In this article we cover the draft decree on Sanctions Against Cybersecurity and Personal Data Protection Violations.

The Vietnamese Ministry of Public Security ("MPS") released the Draft Decree on Sanctions against Administrative Violations in Cybersecurity ("Draft Decree") for public consultation on 20 September 2021. The public consultation period will close on 18 November 2021. The scheduled effective date is 1 December 2021.

Intended to be a consolidation of administrative sanction provisions for violations occurring in cyberspace, this Draft Decree is the latest of the draft instruments unveiled by the MPS to sit under the Law on Cybersecurity 2018 ("Cybersecurity Law"). Prior to this, a separate draft decree expanding on, among others, the Cybersecurity Law's data localization requirement was released in 2019, and the draft Decree on Personal Data Protection ("Draft PDP Decree") earlier this year. If passed as currently worded, the Draft Decree will invalidate several provisions on administrative sanctions in the field of postal services, telecommunications, radio frequencies, information technology and electronic transactions under the existing Decree 15/2020/ND-CP.

This Draft Decree specifies acts constituting administrative violations, relevant sanctions, and remedial measures. It can largely be divided into the following three categories: (i) violations in relation to personal data protection, (ii) cybersecurity violations, and (iii) information security violations. The Draft Decree covers violations of provisions under, among others, the Cybersecurity Law and the Draft PDP Decree. We note that this Draft Decree appears to be based on version of the Draft PDP Decree that has not been shared with the public.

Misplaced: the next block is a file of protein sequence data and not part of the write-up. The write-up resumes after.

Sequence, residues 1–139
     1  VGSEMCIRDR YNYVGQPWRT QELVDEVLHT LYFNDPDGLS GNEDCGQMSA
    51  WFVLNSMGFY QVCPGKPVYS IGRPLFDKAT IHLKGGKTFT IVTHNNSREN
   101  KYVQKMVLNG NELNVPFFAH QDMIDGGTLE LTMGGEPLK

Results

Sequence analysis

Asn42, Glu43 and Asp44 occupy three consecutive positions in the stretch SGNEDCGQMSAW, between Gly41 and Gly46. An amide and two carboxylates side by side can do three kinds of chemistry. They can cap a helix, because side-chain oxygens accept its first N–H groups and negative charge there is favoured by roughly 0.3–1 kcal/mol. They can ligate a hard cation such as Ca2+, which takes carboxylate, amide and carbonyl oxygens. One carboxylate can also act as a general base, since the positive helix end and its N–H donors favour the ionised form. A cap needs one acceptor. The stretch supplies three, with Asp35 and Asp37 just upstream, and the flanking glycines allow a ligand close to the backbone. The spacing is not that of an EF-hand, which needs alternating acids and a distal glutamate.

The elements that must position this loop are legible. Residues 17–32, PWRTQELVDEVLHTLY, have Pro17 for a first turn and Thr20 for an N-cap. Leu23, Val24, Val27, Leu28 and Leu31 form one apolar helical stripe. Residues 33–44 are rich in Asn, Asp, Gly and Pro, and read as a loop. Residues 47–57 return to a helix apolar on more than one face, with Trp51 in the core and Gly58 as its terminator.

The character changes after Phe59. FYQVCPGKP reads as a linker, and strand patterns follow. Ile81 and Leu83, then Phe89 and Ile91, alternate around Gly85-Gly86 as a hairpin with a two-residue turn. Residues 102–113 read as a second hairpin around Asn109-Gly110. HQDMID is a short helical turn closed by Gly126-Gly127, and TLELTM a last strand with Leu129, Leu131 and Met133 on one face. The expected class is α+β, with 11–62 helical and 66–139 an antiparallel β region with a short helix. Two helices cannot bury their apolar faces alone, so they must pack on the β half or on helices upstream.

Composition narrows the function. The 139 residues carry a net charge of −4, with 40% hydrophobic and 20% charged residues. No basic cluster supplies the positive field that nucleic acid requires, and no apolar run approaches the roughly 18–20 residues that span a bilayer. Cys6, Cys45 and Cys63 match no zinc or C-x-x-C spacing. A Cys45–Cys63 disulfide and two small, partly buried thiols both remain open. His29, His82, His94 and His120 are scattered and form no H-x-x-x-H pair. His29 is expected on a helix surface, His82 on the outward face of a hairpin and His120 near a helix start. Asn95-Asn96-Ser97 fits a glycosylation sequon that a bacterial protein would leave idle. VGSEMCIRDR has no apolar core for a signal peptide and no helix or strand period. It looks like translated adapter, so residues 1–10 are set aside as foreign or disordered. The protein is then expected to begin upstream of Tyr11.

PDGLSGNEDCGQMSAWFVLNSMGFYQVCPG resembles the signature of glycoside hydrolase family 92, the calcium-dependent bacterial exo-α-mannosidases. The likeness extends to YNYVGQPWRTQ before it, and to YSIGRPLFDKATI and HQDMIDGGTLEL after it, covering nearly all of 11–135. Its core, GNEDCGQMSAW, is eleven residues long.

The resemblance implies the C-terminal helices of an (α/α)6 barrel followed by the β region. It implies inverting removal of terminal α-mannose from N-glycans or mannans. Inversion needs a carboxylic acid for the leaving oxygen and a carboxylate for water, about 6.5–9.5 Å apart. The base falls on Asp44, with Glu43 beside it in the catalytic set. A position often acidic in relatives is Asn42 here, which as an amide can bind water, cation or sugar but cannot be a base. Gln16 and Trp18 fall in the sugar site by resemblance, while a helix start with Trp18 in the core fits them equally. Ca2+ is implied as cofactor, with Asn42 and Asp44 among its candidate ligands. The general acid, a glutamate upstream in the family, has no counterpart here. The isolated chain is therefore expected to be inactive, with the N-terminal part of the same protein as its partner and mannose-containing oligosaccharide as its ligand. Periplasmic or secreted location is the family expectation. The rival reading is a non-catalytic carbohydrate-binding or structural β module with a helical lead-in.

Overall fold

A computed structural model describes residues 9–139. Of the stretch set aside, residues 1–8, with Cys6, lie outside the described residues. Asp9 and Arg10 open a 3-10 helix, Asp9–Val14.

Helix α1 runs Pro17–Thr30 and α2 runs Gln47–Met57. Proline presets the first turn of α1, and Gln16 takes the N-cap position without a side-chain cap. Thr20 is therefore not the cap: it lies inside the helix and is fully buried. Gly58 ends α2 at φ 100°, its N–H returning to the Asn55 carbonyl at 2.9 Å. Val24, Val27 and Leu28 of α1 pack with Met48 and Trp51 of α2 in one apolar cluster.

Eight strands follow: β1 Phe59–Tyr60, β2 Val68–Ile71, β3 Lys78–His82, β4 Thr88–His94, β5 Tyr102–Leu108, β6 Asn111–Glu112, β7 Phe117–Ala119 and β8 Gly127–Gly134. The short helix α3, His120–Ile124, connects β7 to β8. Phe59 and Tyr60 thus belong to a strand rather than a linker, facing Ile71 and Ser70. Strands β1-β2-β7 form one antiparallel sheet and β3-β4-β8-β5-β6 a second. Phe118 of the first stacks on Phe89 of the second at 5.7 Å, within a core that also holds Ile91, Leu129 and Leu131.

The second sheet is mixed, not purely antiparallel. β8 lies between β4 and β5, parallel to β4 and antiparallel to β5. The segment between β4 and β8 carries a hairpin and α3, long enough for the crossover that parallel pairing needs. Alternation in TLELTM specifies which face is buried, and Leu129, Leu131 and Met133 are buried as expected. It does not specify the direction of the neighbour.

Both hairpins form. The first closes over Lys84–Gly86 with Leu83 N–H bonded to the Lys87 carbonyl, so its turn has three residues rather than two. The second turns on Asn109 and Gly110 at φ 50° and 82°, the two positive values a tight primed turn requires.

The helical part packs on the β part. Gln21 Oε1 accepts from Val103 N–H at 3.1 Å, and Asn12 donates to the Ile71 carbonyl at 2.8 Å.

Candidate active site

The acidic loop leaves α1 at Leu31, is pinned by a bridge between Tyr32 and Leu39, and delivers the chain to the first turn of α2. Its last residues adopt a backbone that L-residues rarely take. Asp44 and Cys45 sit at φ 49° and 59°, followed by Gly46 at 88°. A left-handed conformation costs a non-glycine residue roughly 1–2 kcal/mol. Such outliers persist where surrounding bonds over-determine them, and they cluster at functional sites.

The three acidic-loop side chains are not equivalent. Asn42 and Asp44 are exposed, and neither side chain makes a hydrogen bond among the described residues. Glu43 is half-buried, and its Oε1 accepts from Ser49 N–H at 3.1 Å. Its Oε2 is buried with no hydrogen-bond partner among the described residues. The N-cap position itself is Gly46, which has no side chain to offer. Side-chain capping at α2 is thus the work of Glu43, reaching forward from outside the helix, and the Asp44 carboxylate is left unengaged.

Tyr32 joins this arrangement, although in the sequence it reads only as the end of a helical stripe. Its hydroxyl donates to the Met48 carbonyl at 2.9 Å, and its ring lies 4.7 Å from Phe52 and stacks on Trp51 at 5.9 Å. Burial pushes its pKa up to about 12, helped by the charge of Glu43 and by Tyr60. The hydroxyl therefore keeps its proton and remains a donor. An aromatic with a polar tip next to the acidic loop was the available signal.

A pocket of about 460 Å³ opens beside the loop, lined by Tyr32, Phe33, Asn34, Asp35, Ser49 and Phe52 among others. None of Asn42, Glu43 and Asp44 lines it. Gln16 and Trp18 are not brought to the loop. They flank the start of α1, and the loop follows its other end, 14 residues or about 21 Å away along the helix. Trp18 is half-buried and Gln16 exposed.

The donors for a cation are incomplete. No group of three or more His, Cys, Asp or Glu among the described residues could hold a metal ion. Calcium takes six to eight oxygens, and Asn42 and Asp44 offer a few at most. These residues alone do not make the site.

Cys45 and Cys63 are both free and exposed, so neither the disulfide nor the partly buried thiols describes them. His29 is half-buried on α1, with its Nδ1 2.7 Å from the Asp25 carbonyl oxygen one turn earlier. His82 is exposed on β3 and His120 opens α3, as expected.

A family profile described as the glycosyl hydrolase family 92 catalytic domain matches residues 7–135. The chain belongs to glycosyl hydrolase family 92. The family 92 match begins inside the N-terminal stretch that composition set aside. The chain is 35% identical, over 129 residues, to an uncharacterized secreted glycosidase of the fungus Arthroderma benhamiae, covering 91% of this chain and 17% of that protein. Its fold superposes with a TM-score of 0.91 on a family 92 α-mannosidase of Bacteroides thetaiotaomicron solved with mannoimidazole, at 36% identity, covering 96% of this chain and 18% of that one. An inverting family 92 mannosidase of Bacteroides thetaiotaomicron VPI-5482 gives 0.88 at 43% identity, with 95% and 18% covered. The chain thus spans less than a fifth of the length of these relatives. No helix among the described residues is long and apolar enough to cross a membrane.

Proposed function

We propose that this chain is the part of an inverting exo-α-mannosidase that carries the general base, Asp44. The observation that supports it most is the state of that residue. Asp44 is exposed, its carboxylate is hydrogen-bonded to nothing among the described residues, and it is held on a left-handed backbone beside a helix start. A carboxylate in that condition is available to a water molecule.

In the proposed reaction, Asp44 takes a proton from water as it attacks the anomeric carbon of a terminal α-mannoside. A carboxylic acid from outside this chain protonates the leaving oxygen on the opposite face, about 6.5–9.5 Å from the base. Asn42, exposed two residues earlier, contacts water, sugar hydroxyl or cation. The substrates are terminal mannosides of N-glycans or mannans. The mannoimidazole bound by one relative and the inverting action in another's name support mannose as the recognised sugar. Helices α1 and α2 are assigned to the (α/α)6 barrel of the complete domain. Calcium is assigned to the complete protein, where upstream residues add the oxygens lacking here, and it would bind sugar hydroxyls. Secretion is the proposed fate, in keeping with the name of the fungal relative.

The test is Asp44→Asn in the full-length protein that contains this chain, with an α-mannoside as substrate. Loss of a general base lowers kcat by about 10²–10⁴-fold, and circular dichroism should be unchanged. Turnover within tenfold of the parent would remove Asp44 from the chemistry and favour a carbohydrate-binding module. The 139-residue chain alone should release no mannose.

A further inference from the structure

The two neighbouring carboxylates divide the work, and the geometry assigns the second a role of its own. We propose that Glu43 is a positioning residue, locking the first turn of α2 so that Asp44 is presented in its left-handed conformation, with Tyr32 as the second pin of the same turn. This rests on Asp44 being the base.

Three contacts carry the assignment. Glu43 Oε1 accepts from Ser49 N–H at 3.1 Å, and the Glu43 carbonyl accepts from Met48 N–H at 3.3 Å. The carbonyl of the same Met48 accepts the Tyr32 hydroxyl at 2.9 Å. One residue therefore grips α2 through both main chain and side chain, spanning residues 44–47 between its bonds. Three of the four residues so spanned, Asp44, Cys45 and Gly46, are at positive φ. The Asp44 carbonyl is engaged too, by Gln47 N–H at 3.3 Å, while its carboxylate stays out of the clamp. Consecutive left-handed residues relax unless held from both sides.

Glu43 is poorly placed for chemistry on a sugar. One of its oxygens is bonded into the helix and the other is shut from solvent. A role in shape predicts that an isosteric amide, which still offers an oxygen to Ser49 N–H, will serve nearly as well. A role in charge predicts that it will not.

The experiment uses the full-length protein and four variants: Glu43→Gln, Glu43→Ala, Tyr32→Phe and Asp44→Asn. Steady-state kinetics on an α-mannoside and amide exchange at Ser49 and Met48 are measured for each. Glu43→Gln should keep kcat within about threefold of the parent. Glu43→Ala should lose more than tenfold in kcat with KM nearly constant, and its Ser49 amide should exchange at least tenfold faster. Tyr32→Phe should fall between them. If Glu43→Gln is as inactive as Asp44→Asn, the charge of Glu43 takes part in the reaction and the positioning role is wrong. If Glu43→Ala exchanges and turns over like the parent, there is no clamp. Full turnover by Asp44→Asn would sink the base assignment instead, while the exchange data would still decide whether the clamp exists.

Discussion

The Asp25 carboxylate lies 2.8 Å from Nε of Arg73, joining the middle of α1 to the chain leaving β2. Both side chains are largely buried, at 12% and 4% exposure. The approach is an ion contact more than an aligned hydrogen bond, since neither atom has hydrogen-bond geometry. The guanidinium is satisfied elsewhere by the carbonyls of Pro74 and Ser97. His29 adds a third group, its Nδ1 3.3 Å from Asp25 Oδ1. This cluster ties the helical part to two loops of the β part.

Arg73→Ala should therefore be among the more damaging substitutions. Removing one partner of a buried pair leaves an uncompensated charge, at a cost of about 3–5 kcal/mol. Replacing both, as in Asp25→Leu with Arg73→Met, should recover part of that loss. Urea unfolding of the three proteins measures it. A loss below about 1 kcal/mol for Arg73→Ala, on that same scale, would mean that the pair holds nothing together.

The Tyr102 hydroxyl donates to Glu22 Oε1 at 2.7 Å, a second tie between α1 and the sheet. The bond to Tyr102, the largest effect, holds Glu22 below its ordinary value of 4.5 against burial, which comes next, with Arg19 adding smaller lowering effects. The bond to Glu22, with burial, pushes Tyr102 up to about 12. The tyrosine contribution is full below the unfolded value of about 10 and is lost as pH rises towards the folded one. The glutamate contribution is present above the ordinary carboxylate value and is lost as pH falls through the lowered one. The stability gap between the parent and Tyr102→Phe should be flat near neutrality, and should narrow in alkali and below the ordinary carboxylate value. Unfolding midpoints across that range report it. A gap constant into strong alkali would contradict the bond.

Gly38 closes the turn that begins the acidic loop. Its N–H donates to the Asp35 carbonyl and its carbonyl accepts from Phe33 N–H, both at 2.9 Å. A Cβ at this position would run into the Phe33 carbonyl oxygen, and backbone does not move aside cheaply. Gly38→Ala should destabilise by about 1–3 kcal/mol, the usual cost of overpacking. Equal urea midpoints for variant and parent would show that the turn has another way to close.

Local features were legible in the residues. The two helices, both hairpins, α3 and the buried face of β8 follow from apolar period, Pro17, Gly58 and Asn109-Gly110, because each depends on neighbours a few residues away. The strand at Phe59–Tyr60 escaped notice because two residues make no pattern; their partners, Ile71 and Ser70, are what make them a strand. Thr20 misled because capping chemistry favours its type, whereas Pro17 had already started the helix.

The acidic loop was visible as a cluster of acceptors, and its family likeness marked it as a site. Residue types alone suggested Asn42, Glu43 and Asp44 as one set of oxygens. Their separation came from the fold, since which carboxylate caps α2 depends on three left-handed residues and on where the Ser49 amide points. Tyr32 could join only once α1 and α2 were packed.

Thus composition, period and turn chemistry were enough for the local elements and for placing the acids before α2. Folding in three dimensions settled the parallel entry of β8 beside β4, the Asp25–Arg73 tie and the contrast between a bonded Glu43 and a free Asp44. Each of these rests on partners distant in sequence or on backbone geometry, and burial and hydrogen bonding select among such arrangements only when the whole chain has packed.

The Draft Decree's proposed extra-jurisdictional scope is expected to impact domestic and offshore entities. In particular, the Draft Decree includes sanctions for violations for of the Cybersecurity Law's yet-to-be enforced data localization provision which requires storage of certain types of data in Vietnam and establishment of local presence, as well as the Draft PDP Decree's proposed requirements for cross border transfer of personal data. Though the data localization and cross border transfer personal data requirements have long been topics of debate due to concerns around, among others, administrative/financial burdens and impacts on data/trade flows, this Draft Decree appears to reflect the Government's intention to proceed forward them.

Depending on the violation, monetary fines can range from VND 10 – 100 million (approx. US$440 – 4,400). The Draft Decree also provides that the fines levied on companies can be twofold. In serious cases (e.g., repeated violations), the fine can be fivefold or the 5% of the revenue in the Vietnam market of the violating company.

By way of background, the MPS issued this Draft Decree to address growing concerns over cyberspace violations and lack of relevant sanctions under existing legal instruments. According to the proposal accompanying the Draft Decree, the MPS' areas of focus appear to be, among others, cyberattack/cyber espionage activities, disclosure/loss of state secrets through cyberspace, posting of illegal content on cyberspace, and potential violations on e-commerce platforms.

Violations and their corresponding sanctions under the Draft Decree are provided in the table below. 




Personal Data Protection

Violations in relation to consent

o Processing of personal data without data subjects' consent

o The consent is not explicit

o The consent is misused

o The consent cannot be printed or copied in writing

o Failure to inform that the consent can be made partial or conditional

o Failure to inform data subjects that processed data is classified sensitive data

o Continuing to process personal data after data subjects have decided differently, or per competent authorities' written requests

o Failure or refusal to confirm entity is in possession of data subject consent

o Preventing or intentionally causing difficulties when data subjects want to withdraw consent

o (Applicable to Data Controllers) Failure to notify data subjects of possible consequences when consent is withdrawn